LV diesel classification?

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Allen Hazen
Posts: 2492
Joined: Fri Mar 12, 2004 10:14 pm
Location: Edmonton, Canada (formerly Melbourne, Australia)

LV diesel classification?

Post by Allen Hazen »

A recently posted photo of U23B 508 on the "Fallen Flags" site
http://www.rr-fallenflags.org/lv/lv0508o02.jpg" onclick="window.open(this.href);return false;
shows the railroad's class on the cab side: GFM-22. "GF" would, I assume, mean General Electric - Freight, and the 22 would be the horsepower in hundreds rounded down to the nearest hundred: compare the Alco C628's Lehigh Valley class AF-27. But what is the "M" for?

Engineer Spike
Posts: 1925
Joined: Tue Mar 16, 2004 3:24 pm

Re: LV diesel classification?

Post by Engineer Spike »

Maybe it is for MU capability. The other thought is the M is for a modification to a similar model. The C628 had the original, and ex Monon. There might have been slight differences between the two. Some railroads kept the same class for 1000 hp switchers. When EMD switched from NW2, SW7, SW9, SW 1200, they were essentially the same. There was a thread about how they re passed the GP9, and GP18, since they were so similar.

lvrr325
Posts: 4652
Joined: Fri May 13, 2005 5:42 pm
Location: New York State

Re: LV diesel classification?

Post by lvrr325 »

1160-B CLASS OF ENGINES - DESIGNATION CODE

LETTERS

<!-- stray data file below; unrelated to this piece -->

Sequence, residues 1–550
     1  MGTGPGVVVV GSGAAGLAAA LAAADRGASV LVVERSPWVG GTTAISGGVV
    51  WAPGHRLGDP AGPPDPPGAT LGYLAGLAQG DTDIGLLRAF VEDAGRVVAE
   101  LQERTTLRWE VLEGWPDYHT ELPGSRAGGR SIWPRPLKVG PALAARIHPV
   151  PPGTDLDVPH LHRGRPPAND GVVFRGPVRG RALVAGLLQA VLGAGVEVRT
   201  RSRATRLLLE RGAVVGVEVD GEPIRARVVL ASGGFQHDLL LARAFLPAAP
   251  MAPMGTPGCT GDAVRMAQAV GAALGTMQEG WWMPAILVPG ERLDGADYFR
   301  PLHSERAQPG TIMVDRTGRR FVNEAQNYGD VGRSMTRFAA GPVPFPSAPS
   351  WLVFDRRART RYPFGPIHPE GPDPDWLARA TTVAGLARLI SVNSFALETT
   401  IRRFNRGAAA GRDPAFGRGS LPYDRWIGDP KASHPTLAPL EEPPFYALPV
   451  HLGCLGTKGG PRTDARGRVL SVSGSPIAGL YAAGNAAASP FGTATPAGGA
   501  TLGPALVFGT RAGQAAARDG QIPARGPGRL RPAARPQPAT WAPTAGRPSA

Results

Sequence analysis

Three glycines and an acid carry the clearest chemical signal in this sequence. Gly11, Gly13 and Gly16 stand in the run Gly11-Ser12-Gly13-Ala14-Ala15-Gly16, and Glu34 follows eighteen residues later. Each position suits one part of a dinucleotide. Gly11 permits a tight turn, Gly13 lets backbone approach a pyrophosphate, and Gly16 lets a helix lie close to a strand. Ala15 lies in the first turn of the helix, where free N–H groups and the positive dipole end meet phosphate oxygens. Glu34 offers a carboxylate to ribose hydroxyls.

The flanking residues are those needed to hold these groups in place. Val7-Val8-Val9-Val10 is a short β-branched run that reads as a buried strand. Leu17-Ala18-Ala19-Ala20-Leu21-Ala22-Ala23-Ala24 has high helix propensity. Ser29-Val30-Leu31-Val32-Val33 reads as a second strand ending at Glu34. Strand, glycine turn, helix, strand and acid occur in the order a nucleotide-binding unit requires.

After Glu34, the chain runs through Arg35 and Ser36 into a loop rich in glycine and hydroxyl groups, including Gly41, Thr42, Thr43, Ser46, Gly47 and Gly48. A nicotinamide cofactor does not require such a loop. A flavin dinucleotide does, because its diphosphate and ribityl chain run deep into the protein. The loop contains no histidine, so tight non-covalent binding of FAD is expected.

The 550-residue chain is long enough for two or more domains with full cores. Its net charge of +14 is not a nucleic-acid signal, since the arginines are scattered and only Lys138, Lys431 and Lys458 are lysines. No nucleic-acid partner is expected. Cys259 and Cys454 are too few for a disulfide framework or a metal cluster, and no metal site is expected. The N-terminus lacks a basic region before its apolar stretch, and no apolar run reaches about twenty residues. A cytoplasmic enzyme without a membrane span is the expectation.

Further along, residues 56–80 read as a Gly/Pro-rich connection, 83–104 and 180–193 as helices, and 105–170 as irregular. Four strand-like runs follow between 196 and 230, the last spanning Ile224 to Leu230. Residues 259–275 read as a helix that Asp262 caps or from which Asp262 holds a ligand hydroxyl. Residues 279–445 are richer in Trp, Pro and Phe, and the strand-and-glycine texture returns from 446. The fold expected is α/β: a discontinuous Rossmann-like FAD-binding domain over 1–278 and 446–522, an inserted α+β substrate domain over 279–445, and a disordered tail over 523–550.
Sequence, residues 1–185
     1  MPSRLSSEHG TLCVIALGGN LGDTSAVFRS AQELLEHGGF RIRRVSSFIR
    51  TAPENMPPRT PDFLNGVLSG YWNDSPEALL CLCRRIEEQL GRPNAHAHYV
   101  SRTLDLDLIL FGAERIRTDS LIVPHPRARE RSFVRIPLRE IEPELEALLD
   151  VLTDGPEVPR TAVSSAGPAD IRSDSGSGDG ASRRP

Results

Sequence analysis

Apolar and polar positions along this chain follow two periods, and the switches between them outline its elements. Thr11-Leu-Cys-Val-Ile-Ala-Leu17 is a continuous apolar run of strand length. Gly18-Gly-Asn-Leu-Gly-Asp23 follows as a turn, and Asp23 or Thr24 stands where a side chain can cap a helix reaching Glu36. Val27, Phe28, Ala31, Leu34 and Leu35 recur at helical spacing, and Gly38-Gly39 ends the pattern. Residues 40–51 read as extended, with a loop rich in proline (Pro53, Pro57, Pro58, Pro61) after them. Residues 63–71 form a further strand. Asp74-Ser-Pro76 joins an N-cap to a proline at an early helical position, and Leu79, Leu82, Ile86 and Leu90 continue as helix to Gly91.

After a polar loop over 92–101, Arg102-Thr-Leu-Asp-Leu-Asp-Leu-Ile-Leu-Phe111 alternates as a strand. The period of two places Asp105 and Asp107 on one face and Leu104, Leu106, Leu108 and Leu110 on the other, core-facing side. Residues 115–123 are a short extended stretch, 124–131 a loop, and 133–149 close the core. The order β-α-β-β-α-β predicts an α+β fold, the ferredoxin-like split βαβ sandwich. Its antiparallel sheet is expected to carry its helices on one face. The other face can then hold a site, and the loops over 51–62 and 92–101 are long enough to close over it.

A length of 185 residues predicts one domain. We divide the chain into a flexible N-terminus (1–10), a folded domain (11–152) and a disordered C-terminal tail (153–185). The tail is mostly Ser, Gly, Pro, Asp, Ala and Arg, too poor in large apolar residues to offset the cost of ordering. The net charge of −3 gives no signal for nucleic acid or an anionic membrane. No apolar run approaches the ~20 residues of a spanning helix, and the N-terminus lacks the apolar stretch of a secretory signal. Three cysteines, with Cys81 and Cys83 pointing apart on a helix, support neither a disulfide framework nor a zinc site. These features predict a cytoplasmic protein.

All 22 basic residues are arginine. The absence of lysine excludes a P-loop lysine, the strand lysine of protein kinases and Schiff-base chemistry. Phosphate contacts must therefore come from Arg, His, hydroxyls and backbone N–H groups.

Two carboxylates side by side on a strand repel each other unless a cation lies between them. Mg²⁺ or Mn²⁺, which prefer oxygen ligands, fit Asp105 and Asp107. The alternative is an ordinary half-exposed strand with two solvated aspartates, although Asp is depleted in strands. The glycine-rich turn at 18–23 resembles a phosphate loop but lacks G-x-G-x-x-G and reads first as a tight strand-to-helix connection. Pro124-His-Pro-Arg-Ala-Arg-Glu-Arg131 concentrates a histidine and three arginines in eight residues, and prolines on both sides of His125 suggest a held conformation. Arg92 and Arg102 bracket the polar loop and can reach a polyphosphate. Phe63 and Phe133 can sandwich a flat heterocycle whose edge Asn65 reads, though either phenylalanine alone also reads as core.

• A- ALCO
    E - EMD
    G - GE
    S - Switcher
    RS - Road Switcher
    F- Road Freight
    M - Multiple
- LV timetable #10, effective August 10 1975, page 135. List is followed by explanation of the horsepower numbers.

Allen Hazen
Posts: 2492
Joined: Fri Mar 12, 2004 10:14 pm
Location: Edmonton, Canada (formerly Melbourne, Australia)

Re: LV diesel classification?

Post by Allen Hazen »

Lvrr325--
Thanks for answering an old question!
"M" probably made more sense in the first generation of dieselization: many railroads bought switchers (and I suppose some road switchers) without multi-unit capability, and whether or not a unit could be hooked up with others is certainly a piece of information the operating department would want to have available. I believe the LV's corporate "cousin," the PRR, also had an "m" suffix on the class designation for multiple-unit equipped switchers.

Continuing to use the suffix in the 1970s... would have been a matter of tradition. Were any U23B built WITHOUT m.u. capability? (Not impossible, for a few were built for dedicated mine service (in Peru and Texas) where the operators may not have seen any likelihood of m.u. operation.)

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